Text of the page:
However, Mr Sun stated that there’s a massive division within the Chinese textile industry. In fact, even though the overall data revealed that exports of textiles are increasing, large numbers of small and medium-sized companies are fighting for survival.
CNTAC personnel also discovered that firms located in Humen from Guangdong Province, a major textile hub in China, are actually more easily able to hire workers, indicating the increasing rate of unemployment in the textile industry. However, the international market is growing ever and increasingly competitive. China, Vietnam and India are all fighting to get supply orders.
The highly labour-intensive textile industry is one of the most sensitive industries. It has more than 20 million people working in the industry in China, which includes around 13 million being rural migrants. If two-thirds of the enterprises fail and the rest fail, the remaining 1/3 could only accommodate one-fifth of a million. Mrs Xu Wenying, vice-president of CNTAC, advised that “the government must also take note of this issue as they tackle trading surplus and inflation concerns. It could affect the stability of the social system if there are suddenly hundreds of thousands of people being forced to leave the jobs they have.”
With the increasing rate of currency inflation, CNTAC hopes that the government is willing to consider restitution of certain export rebates or, at a minimum, cutting rebates. One researcher stated that increasing currency is the main problem facing industries like textile. Because macroeconomic policies cannot be modified for a particular industry, he hopes that the government could use rebates to ease the burden.
In the past, the rebate for exports of textiles in China was at one time as small as 11%; however, it was raised to 15 per cent in 1998 because of the difficulties in the industry at that time. The rate was then reduced to 11% in the last year.
The import slip-tax for cotton is the one that is most debated by cotton and cotton businesses in China. Mr Sun disclosed that China has a cotton deficit of 4.5 million tonnes; however, the import quotas for cotton were just 900,000 tons. Therefore, any imports that exceed the quota will be subject to slip-taxes on cotton imports that increases the cost cotton of by US$260 for a ton. Because 70% of the operating expenses for the typical Chinese textile firm is spent on basic materials like cotton, the cost of cotton is crucial to a business’s success. CNTAC said that since the import of post-tax cotton has increased in cost compared to domestic cotton, making the cotton slip-tax ineffective.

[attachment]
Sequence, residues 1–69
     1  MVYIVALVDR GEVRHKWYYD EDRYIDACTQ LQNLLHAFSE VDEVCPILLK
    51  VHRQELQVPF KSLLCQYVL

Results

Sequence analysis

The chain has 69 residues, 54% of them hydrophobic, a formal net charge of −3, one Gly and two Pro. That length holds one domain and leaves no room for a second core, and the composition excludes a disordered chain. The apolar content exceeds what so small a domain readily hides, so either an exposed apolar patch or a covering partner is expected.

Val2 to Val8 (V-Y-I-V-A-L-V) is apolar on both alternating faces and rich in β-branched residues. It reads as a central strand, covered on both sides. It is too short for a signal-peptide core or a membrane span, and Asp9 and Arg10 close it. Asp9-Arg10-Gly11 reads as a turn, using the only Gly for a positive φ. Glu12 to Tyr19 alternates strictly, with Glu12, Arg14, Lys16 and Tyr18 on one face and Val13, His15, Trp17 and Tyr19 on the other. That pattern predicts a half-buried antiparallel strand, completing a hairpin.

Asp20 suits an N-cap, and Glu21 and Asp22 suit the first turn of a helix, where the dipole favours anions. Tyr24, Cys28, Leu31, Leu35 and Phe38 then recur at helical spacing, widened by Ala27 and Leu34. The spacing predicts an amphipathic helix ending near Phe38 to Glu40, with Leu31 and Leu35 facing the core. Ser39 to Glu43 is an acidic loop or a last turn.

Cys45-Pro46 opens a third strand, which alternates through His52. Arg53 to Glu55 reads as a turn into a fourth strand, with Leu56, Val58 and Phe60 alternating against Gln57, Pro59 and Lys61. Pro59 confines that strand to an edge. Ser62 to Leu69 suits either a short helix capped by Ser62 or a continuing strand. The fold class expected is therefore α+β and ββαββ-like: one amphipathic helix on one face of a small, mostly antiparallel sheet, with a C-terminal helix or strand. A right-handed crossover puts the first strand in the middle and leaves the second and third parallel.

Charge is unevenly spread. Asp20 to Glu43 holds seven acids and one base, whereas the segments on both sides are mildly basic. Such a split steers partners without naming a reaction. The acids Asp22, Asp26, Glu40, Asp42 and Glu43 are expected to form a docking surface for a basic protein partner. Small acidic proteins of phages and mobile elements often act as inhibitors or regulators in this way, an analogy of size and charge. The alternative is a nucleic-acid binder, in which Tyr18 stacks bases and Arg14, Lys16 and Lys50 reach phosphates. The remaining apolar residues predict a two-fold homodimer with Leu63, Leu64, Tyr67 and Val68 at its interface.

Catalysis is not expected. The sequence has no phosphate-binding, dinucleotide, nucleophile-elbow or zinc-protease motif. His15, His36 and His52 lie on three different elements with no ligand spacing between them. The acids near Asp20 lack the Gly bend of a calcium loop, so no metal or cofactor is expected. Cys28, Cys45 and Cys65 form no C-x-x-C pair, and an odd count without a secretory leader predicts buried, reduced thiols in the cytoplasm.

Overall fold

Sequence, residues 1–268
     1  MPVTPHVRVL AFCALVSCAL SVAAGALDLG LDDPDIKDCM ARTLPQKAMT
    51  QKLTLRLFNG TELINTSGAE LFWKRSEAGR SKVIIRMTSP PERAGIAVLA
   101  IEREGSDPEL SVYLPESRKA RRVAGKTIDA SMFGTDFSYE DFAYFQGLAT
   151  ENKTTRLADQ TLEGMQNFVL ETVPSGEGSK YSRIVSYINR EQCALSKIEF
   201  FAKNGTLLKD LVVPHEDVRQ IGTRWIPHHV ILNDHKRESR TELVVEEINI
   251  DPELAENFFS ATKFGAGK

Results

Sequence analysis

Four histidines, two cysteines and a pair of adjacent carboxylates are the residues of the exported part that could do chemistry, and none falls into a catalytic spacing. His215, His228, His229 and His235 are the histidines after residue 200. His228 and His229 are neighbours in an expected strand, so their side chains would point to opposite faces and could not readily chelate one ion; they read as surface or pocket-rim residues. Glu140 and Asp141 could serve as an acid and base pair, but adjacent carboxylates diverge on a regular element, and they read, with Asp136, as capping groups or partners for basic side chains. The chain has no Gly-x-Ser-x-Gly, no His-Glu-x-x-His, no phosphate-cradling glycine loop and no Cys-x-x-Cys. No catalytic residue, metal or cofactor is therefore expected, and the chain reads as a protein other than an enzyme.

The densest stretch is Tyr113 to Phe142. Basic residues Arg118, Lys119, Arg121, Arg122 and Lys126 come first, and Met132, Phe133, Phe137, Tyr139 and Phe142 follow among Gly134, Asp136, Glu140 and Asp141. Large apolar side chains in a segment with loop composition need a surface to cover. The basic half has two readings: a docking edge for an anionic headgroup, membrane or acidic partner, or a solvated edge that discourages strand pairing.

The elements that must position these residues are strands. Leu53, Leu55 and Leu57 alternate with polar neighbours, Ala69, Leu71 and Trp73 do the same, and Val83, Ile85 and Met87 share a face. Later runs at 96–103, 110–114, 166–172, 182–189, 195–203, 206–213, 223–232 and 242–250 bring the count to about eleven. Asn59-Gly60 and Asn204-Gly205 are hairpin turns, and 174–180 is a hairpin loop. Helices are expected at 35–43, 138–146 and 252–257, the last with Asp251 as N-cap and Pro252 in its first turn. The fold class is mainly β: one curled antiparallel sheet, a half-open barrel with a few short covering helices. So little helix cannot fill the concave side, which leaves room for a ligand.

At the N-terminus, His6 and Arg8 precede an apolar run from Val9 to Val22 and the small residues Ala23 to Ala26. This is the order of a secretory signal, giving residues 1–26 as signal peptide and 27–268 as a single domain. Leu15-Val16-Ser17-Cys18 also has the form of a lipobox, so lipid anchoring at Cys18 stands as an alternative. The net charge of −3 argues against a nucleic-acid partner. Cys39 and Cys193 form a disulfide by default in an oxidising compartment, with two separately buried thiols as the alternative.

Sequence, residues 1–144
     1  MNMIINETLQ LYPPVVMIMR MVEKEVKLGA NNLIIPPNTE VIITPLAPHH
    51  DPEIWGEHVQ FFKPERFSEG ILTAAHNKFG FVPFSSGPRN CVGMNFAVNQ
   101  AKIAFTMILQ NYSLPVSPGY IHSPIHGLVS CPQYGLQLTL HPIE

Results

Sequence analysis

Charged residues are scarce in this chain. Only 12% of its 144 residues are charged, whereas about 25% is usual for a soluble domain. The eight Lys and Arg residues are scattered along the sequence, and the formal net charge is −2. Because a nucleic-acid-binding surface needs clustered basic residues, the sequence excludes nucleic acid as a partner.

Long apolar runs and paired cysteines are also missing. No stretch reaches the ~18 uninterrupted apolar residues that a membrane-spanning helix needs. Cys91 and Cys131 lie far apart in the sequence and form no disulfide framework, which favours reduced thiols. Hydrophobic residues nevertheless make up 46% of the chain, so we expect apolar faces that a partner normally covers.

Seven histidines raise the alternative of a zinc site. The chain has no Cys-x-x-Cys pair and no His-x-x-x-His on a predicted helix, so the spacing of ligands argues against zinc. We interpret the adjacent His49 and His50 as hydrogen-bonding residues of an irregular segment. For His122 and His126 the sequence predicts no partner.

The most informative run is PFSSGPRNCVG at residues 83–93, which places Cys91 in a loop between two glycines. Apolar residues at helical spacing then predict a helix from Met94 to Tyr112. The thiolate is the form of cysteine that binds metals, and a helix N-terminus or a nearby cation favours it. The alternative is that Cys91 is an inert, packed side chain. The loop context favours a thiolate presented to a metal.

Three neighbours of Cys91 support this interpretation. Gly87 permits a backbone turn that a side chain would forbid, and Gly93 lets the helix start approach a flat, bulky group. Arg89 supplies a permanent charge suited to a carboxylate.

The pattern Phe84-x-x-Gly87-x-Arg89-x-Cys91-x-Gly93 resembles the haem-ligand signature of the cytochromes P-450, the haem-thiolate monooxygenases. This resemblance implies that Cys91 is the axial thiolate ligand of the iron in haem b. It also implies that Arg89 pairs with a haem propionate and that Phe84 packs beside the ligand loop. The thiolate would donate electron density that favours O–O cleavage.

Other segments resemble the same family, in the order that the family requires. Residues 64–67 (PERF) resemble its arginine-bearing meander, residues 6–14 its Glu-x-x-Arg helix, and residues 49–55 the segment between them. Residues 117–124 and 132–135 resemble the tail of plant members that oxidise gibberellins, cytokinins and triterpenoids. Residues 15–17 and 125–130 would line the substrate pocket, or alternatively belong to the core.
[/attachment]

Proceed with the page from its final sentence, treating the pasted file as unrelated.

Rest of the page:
Additionally, the textile industry has repeatedly demanded the reinstatement of the exempted import duty on automated winders for bobbins, and air-jet looms since the government ended this exemption on July 7, 2007. The textile industry believed that the policy affected them severely and stopped their technological advancements, which further put pressure on the sector.
The textile industry is also having to contend with financial difficulties due to the Chinese central bank’s tightening bias. Textile companies are also demanding an extension of the labour law that was recently implemented.
The CNTAC members CNTAC stated that the government hadn’t considered the opinions of the industry when drafting policies. They are hopeful that the latest reforms to the department could fix the issue.